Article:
Since you traveled a distance of 1 from the vertex to get to 0, you can go

    a distance of 1 in the other direction to land at 2 and you should get the

    same y-value. That means the point (2,1) will also be on the graph.



    We can sketch half of the parabola

    using the vertex and our new point,

    although plugging in one more value

    on this side will give you a more

    accurate sketch. (e.g. if you plug in

    βˆ’1, you will get 10)

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    Now, we can use this point to guide us when we graph the other half of

    the parabola:

    So our final graph (without the exaggerated points on it) looks like this:

    We can see the domain and range pretty clearly from the graph, but we

    also know the domain is all real numbers because this a polynomial

    equation in the variable π‘₯ (we can plug in any real number for a polynomial variable and get out a real number). Following the graph

    from bottom to top, we can see that the range is [βˆ’2, ∞) since the graph




    𝑦 There is a little shortcut that some teachers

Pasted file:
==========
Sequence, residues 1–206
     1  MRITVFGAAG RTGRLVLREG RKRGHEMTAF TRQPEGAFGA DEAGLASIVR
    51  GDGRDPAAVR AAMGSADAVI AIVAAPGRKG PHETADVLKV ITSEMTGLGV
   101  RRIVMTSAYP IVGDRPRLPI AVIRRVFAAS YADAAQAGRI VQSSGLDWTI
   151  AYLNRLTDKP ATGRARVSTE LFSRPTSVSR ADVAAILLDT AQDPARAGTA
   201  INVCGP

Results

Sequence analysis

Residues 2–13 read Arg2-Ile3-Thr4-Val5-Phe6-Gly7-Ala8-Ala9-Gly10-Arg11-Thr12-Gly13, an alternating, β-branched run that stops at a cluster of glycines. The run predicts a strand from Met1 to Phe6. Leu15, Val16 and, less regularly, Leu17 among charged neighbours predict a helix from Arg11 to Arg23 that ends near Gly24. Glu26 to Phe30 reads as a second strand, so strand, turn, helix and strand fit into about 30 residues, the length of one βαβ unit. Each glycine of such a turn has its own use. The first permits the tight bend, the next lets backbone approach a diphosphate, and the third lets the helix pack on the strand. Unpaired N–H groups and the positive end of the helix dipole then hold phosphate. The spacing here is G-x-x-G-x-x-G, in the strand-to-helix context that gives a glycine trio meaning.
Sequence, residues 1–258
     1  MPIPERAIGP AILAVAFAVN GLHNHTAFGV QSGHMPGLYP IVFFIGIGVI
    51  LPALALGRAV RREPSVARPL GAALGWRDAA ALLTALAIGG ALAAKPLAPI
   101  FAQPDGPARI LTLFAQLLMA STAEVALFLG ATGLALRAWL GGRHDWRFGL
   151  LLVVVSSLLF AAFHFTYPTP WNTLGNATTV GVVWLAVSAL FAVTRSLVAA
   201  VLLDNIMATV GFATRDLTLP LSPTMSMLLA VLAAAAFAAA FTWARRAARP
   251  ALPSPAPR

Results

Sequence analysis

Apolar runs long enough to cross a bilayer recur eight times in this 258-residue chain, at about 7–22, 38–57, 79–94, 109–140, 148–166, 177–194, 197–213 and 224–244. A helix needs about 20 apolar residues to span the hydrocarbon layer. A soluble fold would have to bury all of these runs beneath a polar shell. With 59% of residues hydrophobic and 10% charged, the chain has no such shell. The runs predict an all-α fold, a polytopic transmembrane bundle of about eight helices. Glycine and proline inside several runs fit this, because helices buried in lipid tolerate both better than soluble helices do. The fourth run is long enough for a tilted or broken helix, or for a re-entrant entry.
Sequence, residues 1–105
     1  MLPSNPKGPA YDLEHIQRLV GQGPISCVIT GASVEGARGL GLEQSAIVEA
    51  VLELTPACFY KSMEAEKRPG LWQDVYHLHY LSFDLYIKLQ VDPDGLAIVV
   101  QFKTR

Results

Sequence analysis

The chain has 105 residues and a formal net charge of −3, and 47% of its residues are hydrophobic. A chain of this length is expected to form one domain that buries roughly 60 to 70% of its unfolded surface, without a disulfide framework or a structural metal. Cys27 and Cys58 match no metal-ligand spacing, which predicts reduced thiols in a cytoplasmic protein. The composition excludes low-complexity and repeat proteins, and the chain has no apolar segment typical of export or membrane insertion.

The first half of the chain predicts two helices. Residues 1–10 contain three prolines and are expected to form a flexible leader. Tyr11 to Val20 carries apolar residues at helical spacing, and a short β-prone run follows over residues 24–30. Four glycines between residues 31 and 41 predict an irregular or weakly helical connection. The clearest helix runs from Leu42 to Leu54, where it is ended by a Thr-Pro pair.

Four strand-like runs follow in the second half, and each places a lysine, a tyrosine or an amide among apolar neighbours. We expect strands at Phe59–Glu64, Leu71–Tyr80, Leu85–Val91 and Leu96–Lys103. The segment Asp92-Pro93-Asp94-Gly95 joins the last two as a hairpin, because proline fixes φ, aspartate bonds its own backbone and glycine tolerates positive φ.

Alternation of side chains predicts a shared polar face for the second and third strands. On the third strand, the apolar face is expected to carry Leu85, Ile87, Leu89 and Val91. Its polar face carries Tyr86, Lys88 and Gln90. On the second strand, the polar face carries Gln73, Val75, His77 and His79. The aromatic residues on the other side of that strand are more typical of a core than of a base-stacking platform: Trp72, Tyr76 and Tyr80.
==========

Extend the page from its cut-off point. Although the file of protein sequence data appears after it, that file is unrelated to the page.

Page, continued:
like to show their students that allows them

    to think of the value β€²π‘Žβ€² as a kind of β€œslope”,

    but be careful not to confuse this with

    graphing a line, because they are different


    With that in mind, the trick is to write β€²π‘Žβ€² as

    a fraction and move up and over (in both

    directions) from the vertex to get two

    symmetric points on the parabola. In our

    case, we would move up 3 and over 1 in

    each direction to arrive at the points we

    happened to get by plugging in a value and

    using symmetry.

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    covers all of these 𝑦 values. We already have the y-intercept also since

    we plugged in 0 earlier and found the point (0,1).

    The only thing we don’t have yet are the x-intercept(s), and from the

    graph we see that we should have two of them. To find them, we just

    plug in 0 for 𝑦 and solve for π‘₯, as usual:

    0 = 3(π‘₯ βˆ’ 1)2 βˆ’ 2

    2 = 3(π‘₯ βˆ’ 1)2

     2

    3 = (π‘₯ βˆ’ 1)2

    οο€ ο€ Β±βˆš 2

    3 = π‘₯ βˆ’ 1ο€ 

    1±√ 2

    3 = π‘₯

    Now rationalize your answers:

    π‘₯ = 1 Β± √6

    3 ο€ ο€ 


    or rounding them as decimals:

     π‘₯ = 1.816